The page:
What ties all this together is that customers rely on Bloomberg to monitor the world, navigate reams of information, and provide a framework for making decisions and acting on them. Design at Bloomberg is truly principles-led. Their design tenets are clarity, transparency, economy, intelligence, and judgment. It is a deadline-driven culture that prizes experimentation, design thinking, and storytelling. Designers and engineers at Bloomberg continually process a volume of information, data, transactions, media, and stories that would likely swamp any other organization. Moreover they get it back to customers simplified, prioritized, contextualized, and consumable in split seconds.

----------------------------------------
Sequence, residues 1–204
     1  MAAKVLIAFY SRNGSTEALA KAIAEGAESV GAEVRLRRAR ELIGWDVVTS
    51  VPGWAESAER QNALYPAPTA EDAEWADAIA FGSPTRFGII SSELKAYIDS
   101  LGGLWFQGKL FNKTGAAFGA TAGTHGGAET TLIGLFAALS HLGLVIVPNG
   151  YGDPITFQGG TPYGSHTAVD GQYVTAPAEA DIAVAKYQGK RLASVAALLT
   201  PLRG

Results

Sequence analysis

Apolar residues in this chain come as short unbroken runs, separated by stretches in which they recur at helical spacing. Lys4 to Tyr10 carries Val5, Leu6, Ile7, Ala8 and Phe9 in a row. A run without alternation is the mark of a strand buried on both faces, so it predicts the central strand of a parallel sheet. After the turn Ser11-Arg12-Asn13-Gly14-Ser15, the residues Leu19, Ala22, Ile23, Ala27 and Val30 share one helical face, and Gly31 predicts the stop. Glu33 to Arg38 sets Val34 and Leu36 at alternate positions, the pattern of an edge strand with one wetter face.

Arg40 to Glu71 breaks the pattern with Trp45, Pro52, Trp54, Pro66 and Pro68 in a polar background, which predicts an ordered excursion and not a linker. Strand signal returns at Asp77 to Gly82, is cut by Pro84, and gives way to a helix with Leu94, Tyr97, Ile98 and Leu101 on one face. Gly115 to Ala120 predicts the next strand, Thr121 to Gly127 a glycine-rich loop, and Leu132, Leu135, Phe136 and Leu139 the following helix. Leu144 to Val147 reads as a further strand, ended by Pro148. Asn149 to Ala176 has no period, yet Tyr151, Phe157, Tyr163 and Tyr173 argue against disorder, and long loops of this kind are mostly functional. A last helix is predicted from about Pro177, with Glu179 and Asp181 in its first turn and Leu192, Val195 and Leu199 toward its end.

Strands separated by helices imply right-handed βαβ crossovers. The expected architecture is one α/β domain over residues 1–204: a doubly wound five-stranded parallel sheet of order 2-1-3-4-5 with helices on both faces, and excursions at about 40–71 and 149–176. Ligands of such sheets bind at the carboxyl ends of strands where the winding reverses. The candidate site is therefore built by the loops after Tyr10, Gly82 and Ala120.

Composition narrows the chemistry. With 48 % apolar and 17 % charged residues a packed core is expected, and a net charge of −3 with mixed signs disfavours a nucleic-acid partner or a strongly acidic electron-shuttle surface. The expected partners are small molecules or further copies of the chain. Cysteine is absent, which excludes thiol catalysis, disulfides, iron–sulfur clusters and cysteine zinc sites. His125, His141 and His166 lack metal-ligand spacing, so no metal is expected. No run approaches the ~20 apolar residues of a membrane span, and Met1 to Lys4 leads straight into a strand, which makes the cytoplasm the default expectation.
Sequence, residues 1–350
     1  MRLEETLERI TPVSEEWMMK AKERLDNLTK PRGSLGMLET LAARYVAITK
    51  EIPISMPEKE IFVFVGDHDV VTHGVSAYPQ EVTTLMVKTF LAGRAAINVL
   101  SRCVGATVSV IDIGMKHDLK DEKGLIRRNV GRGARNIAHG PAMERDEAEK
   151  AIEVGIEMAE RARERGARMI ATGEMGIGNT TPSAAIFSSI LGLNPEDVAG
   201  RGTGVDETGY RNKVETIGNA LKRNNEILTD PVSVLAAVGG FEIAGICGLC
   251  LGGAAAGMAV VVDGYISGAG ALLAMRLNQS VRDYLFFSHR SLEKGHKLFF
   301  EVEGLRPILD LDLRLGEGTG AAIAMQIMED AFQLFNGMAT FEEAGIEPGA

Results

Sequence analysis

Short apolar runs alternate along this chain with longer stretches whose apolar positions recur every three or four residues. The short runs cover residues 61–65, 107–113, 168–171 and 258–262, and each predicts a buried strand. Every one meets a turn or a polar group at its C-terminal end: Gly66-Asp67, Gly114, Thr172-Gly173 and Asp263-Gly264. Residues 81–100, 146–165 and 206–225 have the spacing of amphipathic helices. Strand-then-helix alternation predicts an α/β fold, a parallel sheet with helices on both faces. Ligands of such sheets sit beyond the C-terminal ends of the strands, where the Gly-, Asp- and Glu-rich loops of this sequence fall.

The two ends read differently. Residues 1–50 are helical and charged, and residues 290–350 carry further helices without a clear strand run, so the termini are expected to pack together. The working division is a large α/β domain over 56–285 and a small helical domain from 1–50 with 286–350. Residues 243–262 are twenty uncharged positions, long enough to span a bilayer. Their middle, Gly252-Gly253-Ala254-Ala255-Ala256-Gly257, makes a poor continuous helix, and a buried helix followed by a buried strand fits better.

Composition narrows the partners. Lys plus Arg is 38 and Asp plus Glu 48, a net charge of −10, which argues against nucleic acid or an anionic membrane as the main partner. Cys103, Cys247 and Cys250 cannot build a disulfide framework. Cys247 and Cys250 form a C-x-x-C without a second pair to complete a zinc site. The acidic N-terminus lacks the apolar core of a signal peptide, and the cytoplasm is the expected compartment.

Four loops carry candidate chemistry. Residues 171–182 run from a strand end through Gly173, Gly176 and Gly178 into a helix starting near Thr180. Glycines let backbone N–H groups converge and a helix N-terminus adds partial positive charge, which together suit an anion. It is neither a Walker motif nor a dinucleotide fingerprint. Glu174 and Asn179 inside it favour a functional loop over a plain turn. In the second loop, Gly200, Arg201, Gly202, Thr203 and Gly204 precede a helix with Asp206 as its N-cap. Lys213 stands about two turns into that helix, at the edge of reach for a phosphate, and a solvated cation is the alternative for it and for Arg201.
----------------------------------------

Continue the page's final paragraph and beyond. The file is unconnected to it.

Unique to designing at Bloomberg is the tension between the creative aspirations of the design teams and a business-minded audience that doesn’t typically prioritize breakthrough design. The response of the Bloomberg design teams has been to reject the tropes and norms of the financial services world and stake out original, often surprising design territory.

Driving the teams of graphics, UX, information, interface, architecture, and product designers is a fierce passion to lead, not follow. They embrace the challenge of clarifying abstract concepts, numbers, and data to keep customers smart. They listen to their customers, iterate, and consistently focus on presenting the proper information in the most user-friendly way possible. And when something is good, the mantra inside Bloomberg’s halls is “Keep making more.”

Tags business product design information design technology